OBITUARY: MR. GEORGE LYNCH, 1929.
We regret to state that Mr. George Lynch, F.R.G.S., the explorer and war correspondent whose inventive genius was so useful during the Great War in the work of overcoming barbed-wire entanglements, died at his residence in West London on December 29, aged sixty. Mr. Lynch was a Cork man. After early education at St. Vincent’s College, Castleknock, he came to England and entered the Oratory School. A traveller at heart, he found an opportunity, as a young man, to explore ‘extensively the Pacific Islands and Western Australia. After the outbreak of the Spanish-American war, he became correspondent, for those operations, to the Daily Chronicle; and during the Boer War he acted in a similar capacity for the Illustrated London News and for Collier’s Weekly. A daring attempt to get out of Ladysmith at the time of the famous siege led to his being captured and imprisoned by the enemy. Since that time Mr. Lynch had been with the International Forces to Pekin, had followed the Russo-Japanese War, and was with the Belgian Army in the Great War; it was in this last campaign that he invented the S.O.S. (” Save Our Skin “) gloves and other appliances for dealing with barbed wire. In his time he represented many important papers, and he had been six times round the world.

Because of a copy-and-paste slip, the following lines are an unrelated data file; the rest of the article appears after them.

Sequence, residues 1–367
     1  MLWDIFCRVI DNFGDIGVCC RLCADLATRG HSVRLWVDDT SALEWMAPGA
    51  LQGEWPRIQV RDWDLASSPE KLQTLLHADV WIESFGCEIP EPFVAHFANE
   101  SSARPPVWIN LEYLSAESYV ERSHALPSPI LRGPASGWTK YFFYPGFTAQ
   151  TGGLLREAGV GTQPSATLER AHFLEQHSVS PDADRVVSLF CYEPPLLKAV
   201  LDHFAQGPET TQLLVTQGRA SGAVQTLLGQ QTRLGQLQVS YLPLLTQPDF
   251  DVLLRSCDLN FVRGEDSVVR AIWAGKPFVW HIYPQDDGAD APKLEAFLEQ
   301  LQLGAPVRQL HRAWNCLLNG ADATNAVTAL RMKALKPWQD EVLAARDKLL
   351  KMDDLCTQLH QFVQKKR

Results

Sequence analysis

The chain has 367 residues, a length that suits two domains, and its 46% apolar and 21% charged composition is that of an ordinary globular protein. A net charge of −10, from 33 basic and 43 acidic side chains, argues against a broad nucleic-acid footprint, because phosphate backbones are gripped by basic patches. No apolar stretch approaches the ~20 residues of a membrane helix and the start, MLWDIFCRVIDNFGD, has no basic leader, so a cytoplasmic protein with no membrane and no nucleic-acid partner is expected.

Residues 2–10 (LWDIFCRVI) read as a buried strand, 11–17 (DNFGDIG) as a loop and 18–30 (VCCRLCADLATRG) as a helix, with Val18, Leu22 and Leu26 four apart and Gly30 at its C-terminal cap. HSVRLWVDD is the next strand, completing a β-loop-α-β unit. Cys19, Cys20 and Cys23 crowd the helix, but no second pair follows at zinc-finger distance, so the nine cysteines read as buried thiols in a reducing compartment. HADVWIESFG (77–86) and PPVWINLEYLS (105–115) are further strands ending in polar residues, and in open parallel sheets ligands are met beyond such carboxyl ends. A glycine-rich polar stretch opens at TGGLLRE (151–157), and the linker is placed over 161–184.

Among Mr. Lynch’s published work, apart from his many letters from seats of war, were several volumes based on his experiences : The Impressions of a War Correspondent; The Bare Truth about War; The War of the Civilizations; Realities; The Path of Empire, Old and New Japan.
The funeral took place on Wednesday last, after a requiem at St. Mary’s, Bayswater.—R.I.P.
The text immediately above was found on p.21, 5th January 1929 in “The Tablet: The International Catholic News Weekly.” Reproduced with kind permission of the Publisher” The Tablet can be found at http://www.thetablet.co.uk .